Personality traits such as conscientiousness or sociability are patterns of experience and behavior that can change throughout our lives. Individual changes usually take place slowly as people gradually adapt to the demands of society and their environment. However, it is unclear whether certain personality traits can also be psychologically influenced in a short-term and targeted manner.
Researchers from the universities of Zurich, St. Gallen, Brandeis, Illinois, and ETH Zurich have now investigated this question using a digital intervention. In their study, around 1,500 participants were provided with a specially developed smartphone app for three months and the researchers then assessed whether and how their personalities had changed. The five major personality traits of openness, conscientiousness, sociability (extraversion), considerateness (agreeableness), and emotional vulnerability (neuroticism) were examined. The app included elements of knowledge transfer, behavioral and resource activation, self-reflection, and feedback on progress. All communication with the digital coach and companion (a chatbot) took place virtually. The chatbot supported the participants on a daily basis to help them make the desired changes.
Changes after three months
The majority of participants said that they wanted to reduce their emotional vulnerability, increase their conscientiousness, or increase their extraversion. Those who participated in the intervention for more than three months reported greater success in achieving their change goals than the control group who took part for only two months. Close friends and family members also observed changes in those participants who wanted to increase expression of a certain personality trait. However, for those who wanted to reduce expression of a trait, the people close to them noticed little change. This group mainly comprised those participants who wanted to become less emotionally vulnerable, an inner process that is less observable from the outside.
"The participants and their friends alike reported that three months after the end of the intervention, the personality changes brought about by using the app had persisted," says Mathias Allemand, professor of psychology at UZH. "These surprising results show that we are not just slaves to our personality, but that we can deliberately make changes to routine experience and behavior patterns."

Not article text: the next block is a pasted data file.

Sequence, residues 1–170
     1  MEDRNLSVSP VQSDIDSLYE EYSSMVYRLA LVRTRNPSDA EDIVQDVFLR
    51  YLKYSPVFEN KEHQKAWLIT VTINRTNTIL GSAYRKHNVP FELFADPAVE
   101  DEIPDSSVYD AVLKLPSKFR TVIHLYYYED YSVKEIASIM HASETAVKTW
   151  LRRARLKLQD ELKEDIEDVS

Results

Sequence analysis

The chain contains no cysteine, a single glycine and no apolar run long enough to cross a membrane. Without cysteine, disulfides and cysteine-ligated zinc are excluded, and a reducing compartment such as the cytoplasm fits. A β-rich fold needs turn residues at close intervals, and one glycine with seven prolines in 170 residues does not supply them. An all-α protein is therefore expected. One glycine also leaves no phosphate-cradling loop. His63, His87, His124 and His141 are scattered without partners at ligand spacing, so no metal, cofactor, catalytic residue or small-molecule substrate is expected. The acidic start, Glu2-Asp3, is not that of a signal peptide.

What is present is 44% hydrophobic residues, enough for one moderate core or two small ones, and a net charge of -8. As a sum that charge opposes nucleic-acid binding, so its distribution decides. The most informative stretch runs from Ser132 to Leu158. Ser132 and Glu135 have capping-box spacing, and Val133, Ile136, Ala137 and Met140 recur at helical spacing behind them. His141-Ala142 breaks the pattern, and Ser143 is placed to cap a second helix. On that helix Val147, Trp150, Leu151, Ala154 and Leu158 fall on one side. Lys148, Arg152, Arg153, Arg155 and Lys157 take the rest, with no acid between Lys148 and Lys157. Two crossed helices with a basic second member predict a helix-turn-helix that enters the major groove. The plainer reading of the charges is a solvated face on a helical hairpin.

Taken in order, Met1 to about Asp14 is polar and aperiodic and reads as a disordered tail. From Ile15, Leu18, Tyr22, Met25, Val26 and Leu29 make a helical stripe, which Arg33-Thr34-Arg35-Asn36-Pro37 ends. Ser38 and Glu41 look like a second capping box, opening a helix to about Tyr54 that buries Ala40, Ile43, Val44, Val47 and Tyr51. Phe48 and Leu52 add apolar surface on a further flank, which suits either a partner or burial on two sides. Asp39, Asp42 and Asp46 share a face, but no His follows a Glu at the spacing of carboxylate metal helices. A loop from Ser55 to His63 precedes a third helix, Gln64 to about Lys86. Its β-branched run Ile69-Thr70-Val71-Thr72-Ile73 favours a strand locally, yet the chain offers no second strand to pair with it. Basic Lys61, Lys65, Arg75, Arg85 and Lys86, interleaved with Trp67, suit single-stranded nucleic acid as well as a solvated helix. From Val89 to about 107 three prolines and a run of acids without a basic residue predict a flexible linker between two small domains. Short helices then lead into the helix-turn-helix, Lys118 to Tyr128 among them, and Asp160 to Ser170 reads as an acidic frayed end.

Important for health promotion and prevention
The findings also indicate that development of the personality structure can happen more quickly than was previously believed. "In addition, change processes accompanied by digital tools can be used in everyday life," explains first author Mirjam Stieger of Brandeis University in the USA, who did her doctorate at UZH. However, more evidence of the effectiveness of digital interventions is needed. For example, it was unclear whether the changes achieved were permanent or only reflected temporary fluctuations.
The present findings are not only interesting for research, but could also find application in a variety of areas of life. In health promotion and prevention, for example, such apps could boost the resources of individuals, as people's attitude to their situation and personality traits such as conscientiousness have an influence on health and healthy aging.
The Smartphone App PEACH (PErsonality coACH)
The smartphone application PEACH was developed as part of a project funded by the Swiss National Science Foundation (SNSF) to study personality change through a digital intervention. The application provides scalable communication capabilities using a digital agent that mimics a conversation with a human. The PEACH app also includes digital journaling, reminders of individual goals, video clips, opportunities for self-reflection and feedback on progress. Weekly core topics and small interventions aim to address and activate the desired changes and thus the development of personality traits.
The app was developed as a research tool. In the future, however, it is thought that research apps such as PEACH will be made widely available.
Proceedings of the National Academy of Sciences